How employers can create a stress-free workplace
With Britons putting in the longest hours in Europe, stress in business is at its peak. Workplace stress costs UK businesses £1.24 billion a year in time taken off - and the problem is getting worse. 1.5 million working days a year are now lost due to stressed out employees being absent from work and 60 per cent of employers admitted that the problem is causing staff retention difficulties.
Do you run your own business and find that your firm's productivity is affected by staff absenteeism? Do you know what to do to reduce stress in your business and create a happier environment?
Here is our guide to what you can do, as an employer, to tackle workplace stress and, ultimately, avoid litigation. Employees are more aware than ever that they may have a claim against their employer as a result of workplace stress. Insurers are certainly encouraging their insured to immediately notify them of any claim where stress, bullying, harassment or discrimination is alleged.
Many workplace stress claims can be avoided by improving personnel procedures and communications, and by creating a more open and helpful culture in the workplace.
10 tips on how to prevent workplace stress
- Encourage an open and understanding culture.
- Ensure good communication.
- Be understanding if your employees admit to being under too much pressure.
- Ensure that your employees are properly trained for their work.
- Ensure that your employees have sufficient support.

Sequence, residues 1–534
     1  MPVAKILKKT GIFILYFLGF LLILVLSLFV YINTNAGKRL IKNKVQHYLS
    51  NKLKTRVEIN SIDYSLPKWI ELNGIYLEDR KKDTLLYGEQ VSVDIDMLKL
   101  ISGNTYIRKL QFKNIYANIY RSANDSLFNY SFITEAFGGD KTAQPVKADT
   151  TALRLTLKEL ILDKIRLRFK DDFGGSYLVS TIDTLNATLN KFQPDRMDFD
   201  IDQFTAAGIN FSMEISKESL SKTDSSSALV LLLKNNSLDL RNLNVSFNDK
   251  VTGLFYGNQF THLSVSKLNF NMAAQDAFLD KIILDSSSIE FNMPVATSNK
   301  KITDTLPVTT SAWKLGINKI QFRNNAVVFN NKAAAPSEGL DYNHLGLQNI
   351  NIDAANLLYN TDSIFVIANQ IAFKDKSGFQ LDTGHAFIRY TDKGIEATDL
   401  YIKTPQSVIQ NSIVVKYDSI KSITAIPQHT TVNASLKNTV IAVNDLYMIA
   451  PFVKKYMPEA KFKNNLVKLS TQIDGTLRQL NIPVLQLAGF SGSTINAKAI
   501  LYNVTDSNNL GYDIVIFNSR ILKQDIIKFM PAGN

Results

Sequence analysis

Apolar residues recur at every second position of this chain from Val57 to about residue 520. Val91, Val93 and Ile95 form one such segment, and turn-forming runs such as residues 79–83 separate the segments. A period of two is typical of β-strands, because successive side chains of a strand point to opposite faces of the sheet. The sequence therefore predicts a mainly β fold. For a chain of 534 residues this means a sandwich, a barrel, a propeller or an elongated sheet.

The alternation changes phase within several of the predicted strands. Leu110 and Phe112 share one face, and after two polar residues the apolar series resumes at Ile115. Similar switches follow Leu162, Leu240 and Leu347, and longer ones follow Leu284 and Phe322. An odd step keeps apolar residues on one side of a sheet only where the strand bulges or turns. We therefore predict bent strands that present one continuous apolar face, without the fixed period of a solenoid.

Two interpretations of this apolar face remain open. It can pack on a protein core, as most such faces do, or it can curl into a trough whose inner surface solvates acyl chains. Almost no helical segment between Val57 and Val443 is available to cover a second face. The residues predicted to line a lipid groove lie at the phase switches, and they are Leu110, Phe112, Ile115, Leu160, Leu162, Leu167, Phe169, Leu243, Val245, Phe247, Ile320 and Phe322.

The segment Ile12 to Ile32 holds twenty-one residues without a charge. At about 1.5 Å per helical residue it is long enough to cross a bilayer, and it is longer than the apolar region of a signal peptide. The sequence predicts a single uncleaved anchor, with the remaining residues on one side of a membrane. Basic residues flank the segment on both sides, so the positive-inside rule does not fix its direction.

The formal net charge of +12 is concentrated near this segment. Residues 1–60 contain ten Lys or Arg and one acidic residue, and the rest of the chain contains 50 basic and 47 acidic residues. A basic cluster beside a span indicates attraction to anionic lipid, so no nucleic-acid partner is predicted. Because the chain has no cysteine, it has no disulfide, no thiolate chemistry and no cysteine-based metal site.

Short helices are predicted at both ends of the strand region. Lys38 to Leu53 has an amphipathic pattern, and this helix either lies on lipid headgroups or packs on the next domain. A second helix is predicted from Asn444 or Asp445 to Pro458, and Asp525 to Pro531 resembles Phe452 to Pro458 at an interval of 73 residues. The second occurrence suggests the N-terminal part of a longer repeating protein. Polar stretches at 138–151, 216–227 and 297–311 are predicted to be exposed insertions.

- Allow employees as much control as possible over their work and working conditions.
- Ensure that your employees are treated fairly.
- Prevent bullying and harassment (and replace line managers if necessary). Our article 'How to prevent bullying in the workplace' gives you expert advice, from an employment lawyer, on how to tackle harassment in your business.
- Regularly monitor the workforce for possible signs of stress.
- Provide a confidential advice service.
10 steps to reducing stress in the workplace
- If overwork is causing stress in the business, then try to reduce people's workload. Ensure that your employees' targets are challenging, but realistic, and encourage delegation of work, where possible.
- Make sure that your employees take their full holiday entitlement.
- Check individuals are well-matched to the jobs they've got. When you're hiring staff, make sure that your recruitment and selection procedures help you to do this. For expert advice on how to recruit staff and the employment contracts involved, read our book Employment Law Made Easy.
- Review people's performance so that they know how they're doing. You'll then be able to get feedback from your staff about potential problems and identify any training they may need.
- Keep your employees' informed about your business' direction and make sure that you tell them about any significant changes to the business.
- Ensure that you have the proper discipline and grievance procedures in effect to tackle bullying and harassment. The procedures are explained more fully in our book Employment Law Made Easy and are outlined in our Staff Handbook, which can be downloaded immediately and handed to your employees.
- If an employee is suffering badly from workplace stress, discuss with the employee concerned before you make any decisions. Don't leave them out of the loop.
- Consider whether the employee should be moved or work fewer hours, or otherwise vary their work. If they're off sick, keep in touch. Beware of the employment law implications of changing the terms of an employee's employment contract or of dismissing them. Our article "Changing your staff's employment contract" gives you expert advice on when you can change an employment contract, and our article "How do I terminate an employment contract?" outlines in what circumstances you can dismiss an employee.
- If your employee has experienced personal problems, such as a relationship break-up or an illness in the family, take a sympathetic approach.
- If necessary, enable and encourage the employee to seek further help through their doctor or a counselling service.
Published on: June 2, 2008
Did you like this article? Share it!